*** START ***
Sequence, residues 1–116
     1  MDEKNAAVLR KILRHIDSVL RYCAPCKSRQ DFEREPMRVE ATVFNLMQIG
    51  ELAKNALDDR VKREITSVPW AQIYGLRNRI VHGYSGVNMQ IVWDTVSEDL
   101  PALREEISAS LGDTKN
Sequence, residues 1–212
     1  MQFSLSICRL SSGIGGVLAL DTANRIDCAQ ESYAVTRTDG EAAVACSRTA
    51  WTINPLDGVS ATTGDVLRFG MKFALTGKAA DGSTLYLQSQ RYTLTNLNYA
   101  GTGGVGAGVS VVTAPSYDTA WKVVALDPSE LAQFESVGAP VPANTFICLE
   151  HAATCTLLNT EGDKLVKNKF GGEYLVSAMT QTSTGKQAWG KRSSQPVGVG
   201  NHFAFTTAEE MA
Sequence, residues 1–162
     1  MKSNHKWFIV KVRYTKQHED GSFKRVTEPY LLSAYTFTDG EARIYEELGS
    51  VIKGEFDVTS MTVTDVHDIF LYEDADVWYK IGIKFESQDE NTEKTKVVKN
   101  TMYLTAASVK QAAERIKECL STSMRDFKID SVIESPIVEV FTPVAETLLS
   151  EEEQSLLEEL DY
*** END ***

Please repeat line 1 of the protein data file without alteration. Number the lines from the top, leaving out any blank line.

Sequence, residues 1–116